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4 Jun 2020

Tactical Versus Strategic Competitive Intelligence: What's the Difference and Why is Each Type of Research Critical to Your Success

“Strategy without tactics is the slowest route to victory. Tactics without strategy is the noise before defeat.” Take it from the oft-quoted, 6th century Chinese military strategist and Taoist philosopher Sun Tzu, strategy and tactics go hand in hand. While General Tzu was referring to The Art of War, competitive intelligence research also benefits from a two-pronged approach. So, how does tactical competitive intelligence (CI) vary from strategic?

Tactical Competitive Intelligence Explained

As the name suggests, tactical competitive intelligence is intended to inform the day-to-day tactics an organization undertakes to capture market share or increase revenue. This short-term perspective is particularly useful for supporting the sales process. The focus of competitive intelligence for tactical insights can involve research into both competitors and the broader marketplace. For example, you can research:

  • Buying trends within your industry or among target audiences
  • Competitor product offerings, including price and how products are being promoted
  • Geographic reach for competitor products

How does this apply in the real world?  Airlines conduct ongoing tactical competitive intelligence research to inform pricing, and fares are adjusted frequently—even daily—based on competitors’ current tactics.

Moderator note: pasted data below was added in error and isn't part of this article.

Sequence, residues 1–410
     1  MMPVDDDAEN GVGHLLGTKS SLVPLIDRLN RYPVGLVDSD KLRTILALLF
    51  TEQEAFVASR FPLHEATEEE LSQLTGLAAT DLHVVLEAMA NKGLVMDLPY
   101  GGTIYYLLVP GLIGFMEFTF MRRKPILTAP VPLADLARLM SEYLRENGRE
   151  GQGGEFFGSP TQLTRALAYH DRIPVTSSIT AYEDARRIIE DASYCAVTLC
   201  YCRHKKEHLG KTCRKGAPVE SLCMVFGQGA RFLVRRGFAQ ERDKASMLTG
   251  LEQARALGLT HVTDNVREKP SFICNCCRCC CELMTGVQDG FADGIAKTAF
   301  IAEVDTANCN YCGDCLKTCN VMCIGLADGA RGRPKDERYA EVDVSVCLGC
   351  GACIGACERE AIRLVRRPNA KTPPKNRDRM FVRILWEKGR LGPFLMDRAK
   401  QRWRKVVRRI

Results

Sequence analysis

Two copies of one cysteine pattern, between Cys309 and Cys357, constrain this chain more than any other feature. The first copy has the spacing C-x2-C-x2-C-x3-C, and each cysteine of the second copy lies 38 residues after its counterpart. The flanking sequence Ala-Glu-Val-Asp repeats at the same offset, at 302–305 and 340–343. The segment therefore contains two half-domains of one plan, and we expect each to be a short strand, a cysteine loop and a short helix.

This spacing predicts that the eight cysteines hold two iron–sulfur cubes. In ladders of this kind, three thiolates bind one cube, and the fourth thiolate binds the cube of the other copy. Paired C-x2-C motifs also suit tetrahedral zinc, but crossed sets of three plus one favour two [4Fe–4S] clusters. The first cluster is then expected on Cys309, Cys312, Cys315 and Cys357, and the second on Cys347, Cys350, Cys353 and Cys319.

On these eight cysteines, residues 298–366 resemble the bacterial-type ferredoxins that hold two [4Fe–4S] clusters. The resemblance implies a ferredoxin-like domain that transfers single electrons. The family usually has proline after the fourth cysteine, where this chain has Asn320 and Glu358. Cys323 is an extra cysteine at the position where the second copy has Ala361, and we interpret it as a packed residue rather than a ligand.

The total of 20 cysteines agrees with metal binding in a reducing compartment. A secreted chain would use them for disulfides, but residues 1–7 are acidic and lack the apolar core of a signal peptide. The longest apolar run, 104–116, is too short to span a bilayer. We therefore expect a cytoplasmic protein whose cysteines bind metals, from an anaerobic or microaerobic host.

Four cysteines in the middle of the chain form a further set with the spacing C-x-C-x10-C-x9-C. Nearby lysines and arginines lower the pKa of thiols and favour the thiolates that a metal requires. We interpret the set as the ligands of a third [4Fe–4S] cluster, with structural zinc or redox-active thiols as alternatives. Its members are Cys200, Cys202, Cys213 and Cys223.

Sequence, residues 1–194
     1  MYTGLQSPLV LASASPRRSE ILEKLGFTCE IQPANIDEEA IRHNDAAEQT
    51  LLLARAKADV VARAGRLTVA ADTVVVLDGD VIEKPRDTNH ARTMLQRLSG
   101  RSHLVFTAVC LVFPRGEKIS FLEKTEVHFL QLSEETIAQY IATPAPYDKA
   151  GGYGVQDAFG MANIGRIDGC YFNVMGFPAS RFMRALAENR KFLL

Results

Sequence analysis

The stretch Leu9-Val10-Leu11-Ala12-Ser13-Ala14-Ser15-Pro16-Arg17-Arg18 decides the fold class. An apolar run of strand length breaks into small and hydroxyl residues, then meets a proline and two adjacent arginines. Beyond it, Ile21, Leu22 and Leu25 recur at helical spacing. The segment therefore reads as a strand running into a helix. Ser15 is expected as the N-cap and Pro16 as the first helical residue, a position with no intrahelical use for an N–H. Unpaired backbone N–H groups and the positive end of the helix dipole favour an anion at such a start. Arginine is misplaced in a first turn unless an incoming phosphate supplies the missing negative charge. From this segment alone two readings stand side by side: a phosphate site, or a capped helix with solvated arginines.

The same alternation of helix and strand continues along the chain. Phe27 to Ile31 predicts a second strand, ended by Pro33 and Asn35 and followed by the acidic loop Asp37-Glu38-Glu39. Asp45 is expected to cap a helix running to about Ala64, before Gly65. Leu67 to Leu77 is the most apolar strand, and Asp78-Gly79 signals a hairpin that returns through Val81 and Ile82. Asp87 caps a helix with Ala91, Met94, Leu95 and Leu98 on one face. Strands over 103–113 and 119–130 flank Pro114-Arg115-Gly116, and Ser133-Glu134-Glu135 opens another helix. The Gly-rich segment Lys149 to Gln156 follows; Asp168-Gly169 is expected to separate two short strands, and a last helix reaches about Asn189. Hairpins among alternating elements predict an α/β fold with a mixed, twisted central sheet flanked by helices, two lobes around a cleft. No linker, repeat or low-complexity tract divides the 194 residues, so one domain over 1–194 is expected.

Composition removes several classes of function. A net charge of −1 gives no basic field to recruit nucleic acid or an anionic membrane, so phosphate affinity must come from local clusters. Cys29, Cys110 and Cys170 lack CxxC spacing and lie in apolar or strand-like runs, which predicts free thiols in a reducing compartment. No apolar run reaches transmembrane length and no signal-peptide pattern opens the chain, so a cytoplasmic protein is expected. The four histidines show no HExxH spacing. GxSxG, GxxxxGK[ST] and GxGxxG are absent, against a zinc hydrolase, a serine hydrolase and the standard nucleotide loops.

Tactical competitive intelligence can also be used to support win/loss analysis that is crucial for developing ‘battle cards’ to drive sales. In this case, CI research should span internal and external sources of data from deals that have been won or lost to cover the following areas:

  • Develop side-by-side product or service comparisons
  • Analyze differences between marketing for similar products or services
  • Conduct post-deal interviews (win or lose) to get first-hand feedback on deciding factors and the sales process

In addition, CI professionals should look at both individual deals and aggregate sales results. Analyzing individual sales wins or losses helps companies understand the dynamics of a deal and home in on specific tactics that can resolve barriers to sales. Analyzing the cumulative sales data, on the other hand, helps companies identify trends or common factors across sales wins or losses. These types of insights empower companies to optimize their messaging and sales tactics to close more deals.

Strategic Competitive Intelligence Explained

Where tactical competitive intelligence is designed to help companies make smarter decisions in the moment, strategic competitive intelligence focuses on capturing a long-range review of the business landscape to inform plans across the business. How can CI professionals discover actionable strategic insights?

  • Track news and social commentary related to your own business, direct competitors, potential disruptors, influencers, the marketplace and industry.
  • Research competitor organizations and leadership using company and executive data.
  • Analyze patents data to provide a window into technology trends and competitor R&D activity.
  • Review legal information, including cases within your industry and among competitors, to identify potential opportunities.

It’s critical to remember that strategic competitive intelligence doesn’t exist to cement plans, but to support agility so companies can adapt long-range plans as needs change. Harvard Business Review likens it to “building a strategic early warning capability so you don’t miss the big picture.”

Find out how Nexis® for Competitive Intelligence empowers research that supports both tactical and strategic planning across your organization.